Version of 'America's birth certificate' surfaces in Germany
BERLIN - Agence France-Presse
Sven Kuttner, head of the library district Alte Buecher (old books), looks at a famous cartography after its discovery in Munich's university library July 3, 2012. The cartography is believed to be the fifth existing version of a map by Martin Waldseemuller (around 1470-1522). The Munich exemplar could be developed shortly after the first print of 1507 in Alsatia. REUTERS/Michaela Rehle
Librarians at a German university have stumbled across a version of the 500-year-old world map that was the first to mention the name "America", they said, calling the chance find "sensational".
Experts did not even know about the existence of a fifth copy of the map by German cartographer Martin Waldseemueller until it showed up a few days ago, Ludwig Maximilian University of Munich said.
The discovery is much smaller and thought to have been made after the 1507 original version, which Germany officially handed over to the United States in 2007 and now lies in the Library of Congress in Washington.
The newly unearthed map, one of the so-called globe segments, is believed to have been produced by Waldseemueller himself, who died in 1522.
These were "at least as important for the dissemination of geographical knowledge in his own time" as the three-square-metre world wall map, which is UNESCO-registered and often dubbed "America's birth certificate", the university said. The new find shows the world divided into twelve segments which taper to a point at each end and are printed on a single sheet, which, when folded out, form a small globe, with the three rightmost segments depicting a boomerang-shaped territory named America.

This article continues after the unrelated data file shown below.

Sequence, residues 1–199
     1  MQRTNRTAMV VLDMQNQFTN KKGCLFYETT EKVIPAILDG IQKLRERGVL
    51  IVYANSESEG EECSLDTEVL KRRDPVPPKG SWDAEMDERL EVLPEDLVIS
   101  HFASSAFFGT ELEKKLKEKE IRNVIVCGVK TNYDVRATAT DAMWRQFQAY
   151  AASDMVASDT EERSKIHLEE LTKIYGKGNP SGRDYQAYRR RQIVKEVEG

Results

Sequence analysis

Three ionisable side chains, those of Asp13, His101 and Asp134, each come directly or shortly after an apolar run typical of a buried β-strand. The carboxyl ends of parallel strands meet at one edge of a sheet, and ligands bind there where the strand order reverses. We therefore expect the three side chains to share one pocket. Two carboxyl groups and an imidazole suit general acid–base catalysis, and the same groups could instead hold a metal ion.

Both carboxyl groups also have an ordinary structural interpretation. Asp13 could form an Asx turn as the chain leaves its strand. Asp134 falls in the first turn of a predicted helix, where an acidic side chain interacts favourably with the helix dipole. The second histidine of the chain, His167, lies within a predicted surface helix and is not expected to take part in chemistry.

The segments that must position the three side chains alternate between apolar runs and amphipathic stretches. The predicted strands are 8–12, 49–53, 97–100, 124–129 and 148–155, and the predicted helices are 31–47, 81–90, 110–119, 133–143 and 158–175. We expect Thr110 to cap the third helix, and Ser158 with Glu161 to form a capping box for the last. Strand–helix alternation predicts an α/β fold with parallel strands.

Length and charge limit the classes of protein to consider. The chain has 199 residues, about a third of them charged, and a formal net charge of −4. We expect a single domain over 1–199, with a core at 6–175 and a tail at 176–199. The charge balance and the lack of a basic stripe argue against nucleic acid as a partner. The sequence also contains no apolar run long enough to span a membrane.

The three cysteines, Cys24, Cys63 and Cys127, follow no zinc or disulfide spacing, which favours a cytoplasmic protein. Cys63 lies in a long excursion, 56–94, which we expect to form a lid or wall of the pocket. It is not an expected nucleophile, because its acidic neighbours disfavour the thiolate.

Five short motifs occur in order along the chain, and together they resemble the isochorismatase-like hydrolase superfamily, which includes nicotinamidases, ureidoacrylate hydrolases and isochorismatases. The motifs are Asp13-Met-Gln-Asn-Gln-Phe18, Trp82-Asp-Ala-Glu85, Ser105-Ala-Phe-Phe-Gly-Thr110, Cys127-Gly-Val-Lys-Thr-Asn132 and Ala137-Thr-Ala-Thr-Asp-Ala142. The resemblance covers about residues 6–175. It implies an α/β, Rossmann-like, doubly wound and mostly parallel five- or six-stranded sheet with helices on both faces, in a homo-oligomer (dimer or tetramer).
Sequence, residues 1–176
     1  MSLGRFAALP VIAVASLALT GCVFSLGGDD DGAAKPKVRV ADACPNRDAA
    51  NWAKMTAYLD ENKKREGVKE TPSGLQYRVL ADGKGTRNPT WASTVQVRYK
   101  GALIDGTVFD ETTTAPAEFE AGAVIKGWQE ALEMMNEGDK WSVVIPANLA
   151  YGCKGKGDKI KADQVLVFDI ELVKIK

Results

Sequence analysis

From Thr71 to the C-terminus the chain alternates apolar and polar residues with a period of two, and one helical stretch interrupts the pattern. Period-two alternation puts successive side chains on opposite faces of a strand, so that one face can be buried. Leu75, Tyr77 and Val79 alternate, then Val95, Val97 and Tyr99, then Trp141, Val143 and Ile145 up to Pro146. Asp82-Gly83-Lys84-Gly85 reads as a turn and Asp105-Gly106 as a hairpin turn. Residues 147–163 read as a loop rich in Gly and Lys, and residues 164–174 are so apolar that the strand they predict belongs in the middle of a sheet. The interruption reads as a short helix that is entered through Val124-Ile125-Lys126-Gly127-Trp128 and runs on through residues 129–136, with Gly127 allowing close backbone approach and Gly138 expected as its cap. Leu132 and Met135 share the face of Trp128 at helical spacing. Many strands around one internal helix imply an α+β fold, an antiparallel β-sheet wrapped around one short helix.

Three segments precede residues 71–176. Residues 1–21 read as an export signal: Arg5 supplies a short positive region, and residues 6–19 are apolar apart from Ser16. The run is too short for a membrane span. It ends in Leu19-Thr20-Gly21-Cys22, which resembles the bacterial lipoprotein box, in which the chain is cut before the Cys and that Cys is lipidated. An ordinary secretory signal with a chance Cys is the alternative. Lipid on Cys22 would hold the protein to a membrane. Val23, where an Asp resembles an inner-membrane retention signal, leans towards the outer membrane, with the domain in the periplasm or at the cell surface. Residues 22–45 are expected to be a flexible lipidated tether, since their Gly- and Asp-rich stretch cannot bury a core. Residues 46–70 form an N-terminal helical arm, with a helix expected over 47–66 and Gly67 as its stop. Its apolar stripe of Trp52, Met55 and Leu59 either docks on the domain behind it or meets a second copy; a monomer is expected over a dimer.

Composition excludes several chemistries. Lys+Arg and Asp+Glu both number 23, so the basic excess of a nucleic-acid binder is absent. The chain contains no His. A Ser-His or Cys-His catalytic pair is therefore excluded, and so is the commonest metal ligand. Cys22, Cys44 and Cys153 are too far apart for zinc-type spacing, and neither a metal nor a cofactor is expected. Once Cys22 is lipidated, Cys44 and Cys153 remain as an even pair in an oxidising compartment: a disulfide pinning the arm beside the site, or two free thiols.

Only four copies of the segmental maps were previously known about, the university said in a written statement.
One of the four was sold at auction for one million dollars in 2005.
The fifth was found by a bibliographer, who was revising the catalogue, "in an otherwise unremarkable volume that had been rebound in the 19th century", it said.
It was nestled between two printed works on geometry from the early 16th century.
"Even in our digital age the originals have lost none of their significance and unique fascination," Klaus-Rainer Brintzinger, the head of the library, said in the statement.
"We intend to make the map accessible to the public in digital form in time for the Fourth of July, Independence Day in the USA," he added.
The unearthed map managed to survive World War II, hidden but unscathed, despite air raids having devastated the university library as much of its holdings of older books were moved out in 1942.
Waldseemueller probably used information gleaned from the transatlantic voyages of Christopher Columbus, Amerigo Vespucci -- after whom America is named -- and unknown Portuguese and Spanish sources, to draw the 1507 map.
Historians ponder why he named the new continent after Vespucci and not Columbus, who 'discovered' America in 1492.